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``All F-15 aircraft have been grounded, not just non-mission critical flight ops,'' the Air Force said. ``The grounding will remain in effect until conclusions are made'' by the safety investigation, the service said. Aircraft assigned to Afghanistan and patrols over U.S. airspace will be on ground alert in case of a major emergency, the service said.
In a statement released on 4 November, the US Air Force said the cause of the F-15C crash remains under investigation, but preliminary findings indicate that a possible structural failure of the aircraft may have occurred. It described the suspension of non-mission-critical flight operations as a "precautionary measure".
A report on the incident is expected to be completed in 60 days.
This is the second Missouri ANG Eagle crash this year. The May crash of an F-15D in Indiana was caused by a jammed control cable. Four USAF F-15s have been lost so far this fiscal year, compared with one in FY2006.
Originally posted by Zaphod58
The F-15 was originally designed for 4000 to 8000 flight hours before it hit the end of its structural lifetime. They found that that would be about 7600 "hard" hours, or up to 12,000 "soft" hours. They were planning on the F-15C being around until up to 2030, but that's based on 270 flight hours a year.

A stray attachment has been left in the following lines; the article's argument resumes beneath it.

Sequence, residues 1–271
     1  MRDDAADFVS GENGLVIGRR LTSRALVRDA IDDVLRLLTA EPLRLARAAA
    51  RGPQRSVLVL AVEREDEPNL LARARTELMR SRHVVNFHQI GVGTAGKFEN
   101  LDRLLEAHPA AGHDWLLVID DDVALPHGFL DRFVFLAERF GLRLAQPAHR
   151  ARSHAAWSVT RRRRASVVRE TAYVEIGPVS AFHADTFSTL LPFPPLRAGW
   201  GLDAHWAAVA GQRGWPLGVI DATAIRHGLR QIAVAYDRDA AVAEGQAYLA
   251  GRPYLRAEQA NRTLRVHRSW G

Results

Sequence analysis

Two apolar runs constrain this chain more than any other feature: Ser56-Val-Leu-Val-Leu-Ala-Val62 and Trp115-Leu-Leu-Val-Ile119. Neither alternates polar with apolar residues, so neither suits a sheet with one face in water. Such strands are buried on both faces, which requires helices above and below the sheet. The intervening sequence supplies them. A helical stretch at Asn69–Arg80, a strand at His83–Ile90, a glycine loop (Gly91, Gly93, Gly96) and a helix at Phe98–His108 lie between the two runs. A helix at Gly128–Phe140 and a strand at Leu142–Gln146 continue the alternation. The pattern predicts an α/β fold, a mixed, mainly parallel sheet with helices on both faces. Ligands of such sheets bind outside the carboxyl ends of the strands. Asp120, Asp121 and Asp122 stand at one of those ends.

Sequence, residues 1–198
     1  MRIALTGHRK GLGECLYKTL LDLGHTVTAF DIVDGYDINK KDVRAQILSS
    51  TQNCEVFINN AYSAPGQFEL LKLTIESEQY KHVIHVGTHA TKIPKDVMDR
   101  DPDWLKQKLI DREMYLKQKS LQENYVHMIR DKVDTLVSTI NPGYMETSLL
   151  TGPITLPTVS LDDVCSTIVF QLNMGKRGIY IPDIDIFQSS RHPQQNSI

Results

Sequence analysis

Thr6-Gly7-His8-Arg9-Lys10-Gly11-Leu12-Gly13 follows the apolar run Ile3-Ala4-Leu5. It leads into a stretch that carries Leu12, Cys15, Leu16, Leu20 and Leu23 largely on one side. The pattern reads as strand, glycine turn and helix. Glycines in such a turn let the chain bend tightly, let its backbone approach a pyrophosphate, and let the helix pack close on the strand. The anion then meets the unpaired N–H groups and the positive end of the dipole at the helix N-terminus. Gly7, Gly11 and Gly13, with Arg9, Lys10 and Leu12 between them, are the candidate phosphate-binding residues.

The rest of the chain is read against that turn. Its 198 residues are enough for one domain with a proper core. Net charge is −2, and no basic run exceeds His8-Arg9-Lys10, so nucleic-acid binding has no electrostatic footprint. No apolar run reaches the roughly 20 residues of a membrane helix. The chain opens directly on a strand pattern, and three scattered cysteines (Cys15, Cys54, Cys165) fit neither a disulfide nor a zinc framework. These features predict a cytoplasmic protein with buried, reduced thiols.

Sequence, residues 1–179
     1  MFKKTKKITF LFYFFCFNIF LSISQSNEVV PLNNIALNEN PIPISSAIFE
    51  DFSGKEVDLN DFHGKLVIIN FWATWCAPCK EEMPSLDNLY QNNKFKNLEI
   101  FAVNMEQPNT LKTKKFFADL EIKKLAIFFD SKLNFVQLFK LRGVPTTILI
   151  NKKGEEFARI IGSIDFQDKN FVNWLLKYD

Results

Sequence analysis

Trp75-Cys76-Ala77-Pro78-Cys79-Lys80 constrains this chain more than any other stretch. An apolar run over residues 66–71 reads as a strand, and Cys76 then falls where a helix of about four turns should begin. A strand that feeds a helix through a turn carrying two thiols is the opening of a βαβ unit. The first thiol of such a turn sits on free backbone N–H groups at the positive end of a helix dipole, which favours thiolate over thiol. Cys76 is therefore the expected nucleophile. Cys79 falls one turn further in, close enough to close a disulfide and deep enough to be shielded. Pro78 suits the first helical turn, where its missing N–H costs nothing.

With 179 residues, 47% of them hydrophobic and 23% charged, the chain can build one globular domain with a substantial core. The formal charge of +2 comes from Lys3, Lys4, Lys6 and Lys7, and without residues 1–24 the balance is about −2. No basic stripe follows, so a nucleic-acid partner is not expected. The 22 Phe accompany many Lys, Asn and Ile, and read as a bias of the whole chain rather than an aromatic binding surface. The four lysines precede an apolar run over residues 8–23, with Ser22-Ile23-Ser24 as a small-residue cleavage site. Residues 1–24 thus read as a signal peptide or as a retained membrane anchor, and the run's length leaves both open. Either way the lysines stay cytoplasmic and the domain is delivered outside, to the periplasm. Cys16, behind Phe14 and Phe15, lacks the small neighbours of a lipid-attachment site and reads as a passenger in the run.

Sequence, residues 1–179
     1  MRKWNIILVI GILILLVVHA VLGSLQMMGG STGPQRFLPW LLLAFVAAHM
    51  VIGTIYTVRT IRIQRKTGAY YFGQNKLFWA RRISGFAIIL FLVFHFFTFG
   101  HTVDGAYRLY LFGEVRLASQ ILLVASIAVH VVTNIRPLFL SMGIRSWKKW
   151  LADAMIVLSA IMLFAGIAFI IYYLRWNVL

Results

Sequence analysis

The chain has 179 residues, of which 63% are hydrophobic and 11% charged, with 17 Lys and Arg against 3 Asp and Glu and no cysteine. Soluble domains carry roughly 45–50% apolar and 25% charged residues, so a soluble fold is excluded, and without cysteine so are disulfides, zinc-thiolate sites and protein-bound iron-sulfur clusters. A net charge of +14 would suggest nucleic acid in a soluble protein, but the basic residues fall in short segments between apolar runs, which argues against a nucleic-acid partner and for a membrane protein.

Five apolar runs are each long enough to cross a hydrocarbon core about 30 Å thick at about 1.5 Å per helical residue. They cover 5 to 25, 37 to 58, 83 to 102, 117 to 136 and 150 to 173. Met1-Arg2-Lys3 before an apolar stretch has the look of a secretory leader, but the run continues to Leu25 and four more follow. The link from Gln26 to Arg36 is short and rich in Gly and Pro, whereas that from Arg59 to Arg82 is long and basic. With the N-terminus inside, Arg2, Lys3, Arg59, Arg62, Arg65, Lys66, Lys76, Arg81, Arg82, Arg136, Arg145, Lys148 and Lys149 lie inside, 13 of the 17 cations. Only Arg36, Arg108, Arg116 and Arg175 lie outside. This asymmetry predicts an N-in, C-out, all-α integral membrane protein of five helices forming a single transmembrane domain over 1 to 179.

[edit on 11/5/2007 by Zaphod58]
The F-15 initial operational requirement was for a service life of 4,000 hours. Testing completed in 1973 demonstrated that the F-15 could sustain 16,000 hours of flight. Subsequently operational use was more severely stressful than the original design specification. With an average usage of 270 aircraft flight hours per year, by the early 1990s the F-15C fleet was approaching its service-design-life limit of 4,000 flight hours. Following successful airframe structural testing, the F-15C was extended to an 8,000-hour service life limit. An 8,000-hour service limit provides current levels of F-15Cs through 2010. The F-22 program was initially justified on the basis of an 8,000 flight hour life projection for the F-15. This was consistent with the projected lifespan of the most severely stressed F-15Cs, which have averaged 85% of flight hours in stressful air-to-air missions, versus the 48% in the original design specification.
Full-scale fatigue testing between 1988 and 1994 ended with a demonstration of over 7,600 flight hours for the most severely used aircraft, and in excess of 12,000 hours on the remainder of the fleet. A 10,000-hour service limit would provide F-15Cs to 2020, while a 12,000-hour service life extends the F-15Cs to the year 2030. The APG-63 radar, F100-PW-100 engines, and structure upgrades are mandatory. The USAF cannot expect to fly the F-15C to 2014, or beyond, without replacing these subsystems. The total cost of the three retrofits would be under $3 billion. The upgrades would dramatically reduce the 18 percent breakrate prevalent in the mid-1990s, and extend the F-15C service life well beyond 2014.